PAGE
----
It’s no surprise that newspapers are no longer the largest – nor most influential – news source. Today, information appears on Facebook before a journalist even crafts the lead paragraph.

Because the term “bodily injury” exists in other exceptions to governmental immunity, this opinion will provide an opportunity for those seeking to expand the narrowly construed exceptions to the government’s liability.

Network TV stations are losing eyes to YouTube, where if it’s not caught on video, it didn’t happen. Information dissemination is changing rapidly, and those who don’t adapt are quickly being left in the dust.

It will also lead to additional and more strenuous litigation efforts against the government. And, it will result in larger payouts by the government for damages claimed under GTLA, whether through settlements or judgments. It will take legislative change to curtail the effects of this ruling.

By embracing the fast-paced nature of the Internet, CRA has become a stronger Association. Communication is quick, yet well timed – widespread, yet precise. And CRA wants to bring these benefits to its members.

One bright spot is the Supreme Court reversed the CA affirmation in Hannay of the trial court’s allowance of speculative “future earnings potential” damages. As mentioned, the Plaintiff claimed entitlement to future earnings as a dental hygienist, even though she never finished her educational certification for that job. The trial court held that but for the motor vehicle accident, the plaintiff would have been accepted into a “dental-hygienist” program, would have graduated from that program, and would have been employed at least 60 percent of the time at the rate of $28 per hour.

OCT

23

The next Legal Issues Forum meeting is

10 a.m. on Friday, October 23, at the CRA office in Lansing.

In June, CRA’s Public Relations Committee discussed the need for every county road agency to have a solid web presence, which is essential to communicate with local residents, elected officials and others. Today’s technology allows everyone to have an inexpensive, attractive and well-designed website and to create a social media presence on a very tiny budget. Mark your calendar. This fall’s PR workshop – set for November 6 – will focus in part on web-competence. It will explore how to leverage the website through social media, and bring attention to issues that affect your county. Having a website and social media presence like Facebook, in addition to working the traditional media ensures road agencies will connect with more young voters. After all, this year the “millennial” generation outnumbered each preceding generation in the workplace for the first time! Times are changing, and county road agencies’ communication strategies need to be changing with it. See you in November.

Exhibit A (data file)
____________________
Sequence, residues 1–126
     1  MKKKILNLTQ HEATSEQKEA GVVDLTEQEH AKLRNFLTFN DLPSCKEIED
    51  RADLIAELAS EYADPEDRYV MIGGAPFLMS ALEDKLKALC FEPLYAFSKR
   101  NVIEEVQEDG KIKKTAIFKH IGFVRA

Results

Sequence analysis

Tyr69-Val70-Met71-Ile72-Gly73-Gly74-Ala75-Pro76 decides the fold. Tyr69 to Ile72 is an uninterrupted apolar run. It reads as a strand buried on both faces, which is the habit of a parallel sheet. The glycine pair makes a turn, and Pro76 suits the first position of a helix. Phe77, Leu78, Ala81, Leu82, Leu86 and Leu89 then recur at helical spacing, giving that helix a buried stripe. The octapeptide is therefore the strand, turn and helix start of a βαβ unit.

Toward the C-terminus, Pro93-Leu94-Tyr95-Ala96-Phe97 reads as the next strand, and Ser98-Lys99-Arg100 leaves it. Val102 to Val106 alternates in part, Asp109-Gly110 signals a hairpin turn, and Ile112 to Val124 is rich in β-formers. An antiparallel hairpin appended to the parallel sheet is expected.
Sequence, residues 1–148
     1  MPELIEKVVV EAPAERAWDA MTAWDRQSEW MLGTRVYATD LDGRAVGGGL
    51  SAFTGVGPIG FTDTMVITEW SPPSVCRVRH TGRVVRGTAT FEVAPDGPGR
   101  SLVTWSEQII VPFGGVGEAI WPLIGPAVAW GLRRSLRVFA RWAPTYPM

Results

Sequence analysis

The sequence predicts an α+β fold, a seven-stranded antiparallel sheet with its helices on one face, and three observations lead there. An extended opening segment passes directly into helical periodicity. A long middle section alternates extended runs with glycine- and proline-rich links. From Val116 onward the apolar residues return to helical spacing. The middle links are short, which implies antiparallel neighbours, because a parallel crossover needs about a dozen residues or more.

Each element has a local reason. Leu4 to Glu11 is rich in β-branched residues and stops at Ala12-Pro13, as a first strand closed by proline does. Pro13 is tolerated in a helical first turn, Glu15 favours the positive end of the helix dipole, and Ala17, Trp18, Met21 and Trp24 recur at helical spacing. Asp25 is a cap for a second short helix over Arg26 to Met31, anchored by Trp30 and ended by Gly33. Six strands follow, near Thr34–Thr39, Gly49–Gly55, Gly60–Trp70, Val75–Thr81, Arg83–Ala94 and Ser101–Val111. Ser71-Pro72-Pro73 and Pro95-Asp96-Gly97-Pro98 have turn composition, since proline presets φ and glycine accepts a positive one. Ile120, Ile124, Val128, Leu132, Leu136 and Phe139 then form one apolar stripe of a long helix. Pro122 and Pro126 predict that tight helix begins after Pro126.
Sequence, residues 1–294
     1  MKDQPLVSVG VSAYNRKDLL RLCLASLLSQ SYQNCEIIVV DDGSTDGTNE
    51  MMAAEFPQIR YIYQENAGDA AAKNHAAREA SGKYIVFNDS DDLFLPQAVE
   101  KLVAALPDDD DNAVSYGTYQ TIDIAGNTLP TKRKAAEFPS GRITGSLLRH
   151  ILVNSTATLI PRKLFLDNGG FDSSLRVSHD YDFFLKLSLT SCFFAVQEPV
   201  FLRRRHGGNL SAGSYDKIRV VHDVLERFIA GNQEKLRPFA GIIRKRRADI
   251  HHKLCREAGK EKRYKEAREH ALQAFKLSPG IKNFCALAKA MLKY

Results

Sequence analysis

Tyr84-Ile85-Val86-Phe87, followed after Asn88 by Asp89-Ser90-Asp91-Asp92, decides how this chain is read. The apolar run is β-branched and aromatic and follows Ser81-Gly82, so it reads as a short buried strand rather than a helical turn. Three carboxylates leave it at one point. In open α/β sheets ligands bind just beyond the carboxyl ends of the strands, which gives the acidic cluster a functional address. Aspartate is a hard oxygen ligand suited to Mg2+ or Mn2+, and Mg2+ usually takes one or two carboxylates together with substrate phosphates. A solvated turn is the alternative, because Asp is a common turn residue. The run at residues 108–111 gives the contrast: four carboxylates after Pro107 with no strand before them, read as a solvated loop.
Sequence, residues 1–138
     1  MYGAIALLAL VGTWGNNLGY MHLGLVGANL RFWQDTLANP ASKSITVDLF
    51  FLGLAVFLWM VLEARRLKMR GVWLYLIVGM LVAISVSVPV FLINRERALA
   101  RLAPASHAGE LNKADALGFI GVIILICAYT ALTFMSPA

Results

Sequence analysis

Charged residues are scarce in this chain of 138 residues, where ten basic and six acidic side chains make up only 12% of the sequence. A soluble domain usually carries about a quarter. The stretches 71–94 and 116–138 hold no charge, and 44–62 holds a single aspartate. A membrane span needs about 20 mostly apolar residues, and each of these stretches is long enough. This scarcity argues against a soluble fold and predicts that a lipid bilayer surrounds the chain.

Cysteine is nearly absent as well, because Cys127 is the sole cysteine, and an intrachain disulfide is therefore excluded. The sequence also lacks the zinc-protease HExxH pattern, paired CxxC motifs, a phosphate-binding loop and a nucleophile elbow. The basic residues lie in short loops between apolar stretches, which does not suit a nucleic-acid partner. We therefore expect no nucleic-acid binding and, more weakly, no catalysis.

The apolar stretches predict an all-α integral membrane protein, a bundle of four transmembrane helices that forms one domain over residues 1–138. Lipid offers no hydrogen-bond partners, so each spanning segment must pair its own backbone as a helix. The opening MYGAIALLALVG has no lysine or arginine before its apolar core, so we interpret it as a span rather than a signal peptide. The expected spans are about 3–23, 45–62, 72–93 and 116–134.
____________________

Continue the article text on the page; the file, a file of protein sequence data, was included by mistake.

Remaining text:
Fun facts:

micountyroads.org

In 2007, 41 counties had an official website. Today, 79 county road agencies have a website.

43 county road agencies have a social media presence– and some have as many as 6,800 followers.

More than 46,000 people have liked a county road agency’s Facebook page.

Fall 2015

21


The Quarterly Journal of the County Road Association of Michigan

Ask MDOT Some things never change. Winter in Michigan is always going to pose a brutal challenge to road maintenance agencies but the way we respond to that challenge is changing – rapidly. The Michigan Department of Transportation (MDOT) continues to work with county road agency partners to innovate new methods and develop new strategies to keep roads clear and safe when the winter weather gets nasty. Here are some of the winter maintenance best practices we’re working on: g MDOT is investigating the use of tow plows by county road commissions to increase efficiency. A tow plow can clear two lanes simultaneously, cutting labor, equipment and fuel costs while increasing the level of service for the motoring public. The cost of a new tow plow is $93,000. With regular maintenance, the tow plow has an average service life of 30 years, compared to a 10-year average for a standard plow. g MDOT also supports the safe use of wings on plow trucks for clearing more snow per pass. Wings extend the plow’s reach, allowing a driver to clear about 14 feet in one pass instead of 9-10 feet. Using the wing plow, crews can clear both the travel lane and shoulder in one pass, thus reducing the number of passes needed to clear the road during and after a winter snow event. Last winter, MDOT and county road commissions in the Upper Peninsula began using wing plows to clear active lanes of traffic, as well as shoulders. When the wing was deployed, motorists were alerted by additional flashing lights mounted over the wing plow.

Fall 2015

Beyond these technical advances and procedural improvements, MDOT is looking at ways that maintenance contracts can drive increased efficiencies. One idea along these lines is performance-based maintenance (PBM). PBM contracts would focus more on reaching desired outcomes – maintaining a roadway at a certain measurable level of quality, for example – than on inputs (time and materials) or outputs (quantity of work produced).

Mark Geib, MDOT Engineer of Operations Field Services

g Another area MDOT is exploring is the greater use of automatic vehicle location (AVL) and global positioning systems (GPS) to better manage winter operations. MDOT has installed AVL/GPS on all of its plows and some counties also use the technology. The issue is standardization. With multiple systems in use, MDOT and counties are collectively researching how to expand the deployment of this technology while coordinating its use. 22